All members of SX7P index increased in November driven mainly by positive vaccine news. But it wasn’t uniform dynamics. Thus, BBVA and Santander skyrocketed by 48-60% MoM while Swedbank and Nordea added just around 10% MoM.

European banks reported significantly better results in 3Q20 as it did in 2Q20 after weaker figures in 1Q20. Both revenue and net income figures demonstrated positive surprises. Thus, 30 out of 40 banks from SX7P index for which estimates were available reported better revenue figures vs 17 out of 24 in 2Q20. Net income was also better than expected with 32 out 36 banks with positive surprises. EPS was higher for 25 out of 35 banks in 3Q20 vs 26 out of 32 banks in 2Q20. The key driver of better results was significant decline of estimates and lower provisions due to more optimistic economic outlook. In turn, NII/NIM figures were weak again. Notwithstanding, earnings momentum began to improve after significant worsening in 1H20. Thus, median decline of operating profit of SX7P index members increased from -44% yoy in 2Q20 to -20% yoy in 3Q20. Median decline of revenue was -2.5% yoy in 3Q20 after it decreased by 3.4% yoy in 2Q20. In turn, median revenue surprise was +3.0%, the strongest beat over last 15 quarters. Revenue decline was driven by NII which decreased by 5.3% yoy in 3Q20 after drop by 2.8% yoy in 2Q20. Despite better earnings season and overall optimism due to positive vaccine news and diminished risks after US elections, market perception of the results was mixed. Thus, median 1-day performance of SX7P index members around the earnings date was -0.9% during 3Q20 earnings season vs 10yr average of +0.16%.

Median decline of EU banks net income (SX7P index members) was 21.4% yoy in 3Q20 after drop by 33% yoy in 2Q20 and by 40% yoy in 1Q20. And it seems that banks will reach pre-pandemic level not earlier than in 2H22 given negative rate environment in the foreseeable future. At least, current estimates imply that FY21 net income estimates are 38% lower than FY19 net income actuals (median decline of SX7P index). Despite sizeable growth of NI sequentially, median ROE of EU banks continue declining, -25 bps qoq or -314 bps yoy to 4.9%, the lowest figure over 23 last quarters. Due to positive EPS and revenue surprises as well as good cost control and improved expectations, estimates have increased meaningfully in recent weeks. Thus, median growth of FY20 NI was 7.6% qtd but -53% ytd, implying decline of 51% yoy. As of FY21 NI estimates, median growth was +6.7% qtd but -41% ytd, implying growth of 15% yoy. From the other hand, revenue estimates were relatively flat with growth by 0.4% qtd for FY20 revenue but decline by 0.1% qtd for the next year.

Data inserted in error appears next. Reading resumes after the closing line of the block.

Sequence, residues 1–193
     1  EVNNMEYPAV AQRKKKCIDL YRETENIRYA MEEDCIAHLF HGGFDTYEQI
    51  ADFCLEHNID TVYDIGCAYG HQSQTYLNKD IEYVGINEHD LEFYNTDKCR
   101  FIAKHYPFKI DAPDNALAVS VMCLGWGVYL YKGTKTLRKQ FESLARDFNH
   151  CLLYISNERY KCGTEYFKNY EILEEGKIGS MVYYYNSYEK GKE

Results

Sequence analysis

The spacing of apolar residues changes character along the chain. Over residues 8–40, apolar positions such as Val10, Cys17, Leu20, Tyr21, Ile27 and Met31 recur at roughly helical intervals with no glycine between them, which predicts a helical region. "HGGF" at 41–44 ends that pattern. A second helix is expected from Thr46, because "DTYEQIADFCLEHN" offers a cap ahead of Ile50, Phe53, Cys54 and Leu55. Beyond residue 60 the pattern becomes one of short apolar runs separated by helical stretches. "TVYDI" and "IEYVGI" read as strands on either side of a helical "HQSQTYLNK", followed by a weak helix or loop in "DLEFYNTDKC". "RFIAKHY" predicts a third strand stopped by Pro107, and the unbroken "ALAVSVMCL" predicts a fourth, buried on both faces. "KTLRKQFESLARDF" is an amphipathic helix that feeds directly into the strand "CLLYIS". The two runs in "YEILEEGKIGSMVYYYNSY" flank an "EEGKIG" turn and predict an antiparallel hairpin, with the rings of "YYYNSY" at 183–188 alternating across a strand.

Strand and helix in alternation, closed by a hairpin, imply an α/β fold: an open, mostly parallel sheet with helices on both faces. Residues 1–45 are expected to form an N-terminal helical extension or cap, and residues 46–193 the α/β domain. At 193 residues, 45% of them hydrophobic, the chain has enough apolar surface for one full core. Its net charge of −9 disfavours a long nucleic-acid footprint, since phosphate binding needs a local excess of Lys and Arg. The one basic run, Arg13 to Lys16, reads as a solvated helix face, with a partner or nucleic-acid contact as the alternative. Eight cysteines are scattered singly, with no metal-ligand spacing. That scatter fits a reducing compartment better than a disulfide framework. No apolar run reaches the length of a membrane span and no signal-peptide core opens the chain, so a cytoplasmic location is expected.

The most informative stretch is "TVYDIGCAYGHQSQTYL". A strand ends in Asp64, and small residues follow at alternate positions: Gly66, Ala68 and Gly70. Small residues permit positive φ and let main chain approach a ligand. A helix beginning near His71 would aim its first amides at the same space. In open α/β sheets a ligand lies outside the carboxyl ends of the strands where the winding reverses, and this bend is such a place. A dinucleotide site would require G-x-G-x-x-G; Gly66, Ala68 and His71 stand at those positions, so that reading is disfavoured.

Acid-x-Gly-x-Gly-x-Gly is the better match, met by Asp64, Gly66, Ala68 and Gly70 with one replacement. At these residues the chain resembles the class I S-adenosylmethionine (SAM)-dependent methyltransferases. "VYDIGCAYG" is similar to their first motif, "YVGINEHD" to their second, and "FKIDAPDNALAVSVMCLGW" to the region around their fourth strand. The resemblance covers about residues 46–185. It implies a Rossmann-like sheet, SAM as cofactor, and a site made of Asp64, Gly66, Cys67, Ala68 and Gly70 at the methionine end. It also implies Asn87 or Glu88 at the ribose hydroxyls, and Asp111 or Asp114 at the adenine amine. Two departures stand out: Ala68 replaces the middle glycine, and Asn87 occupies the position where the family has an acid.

Despite better earnings season and more optimistic view on economic recovery in coming years due to positive vaccine news, expectations of future both fiscal and monetary stimuli as well as possible lifting of the dividends ban in December, we don’t expect that outperformance of EU banks will continue. From the one hand, recent developments improved economic outlook and visibility of banking earnings. From the other hand, banking fundamentals will remain relatively weak in coming years because of ongoing negative rate environment and sluggish loan growth. At least, we expect that EPS estimates will return to 2019 levels not earlier than in 2H22 while revenue return will take even longer. From our point of view, the worst is behind us but it is bumpy road ahead with risks still tilted to downside. Also, EU banks is no more trading with discount to historical averages while discount to US peers is much lower than it was usually. It is cheap vs the broad EU index but it is cheap for a reason. Thus, premium to historical averages is +19% (+1.1 std at the moment from mean P/E NY of SX7P index members, sample from 2010 to the present) but discount to US peers (on median P/E NY of BKX index vs SX7P index) is just 9.9% at the moment vs average since 2010 of 20.3% or +1.2 std, unreasonable, from our point of view, given higher risks associated with EU banks and new lockdowns in the region. So, we continue prefer US banks to EU ones at the moment.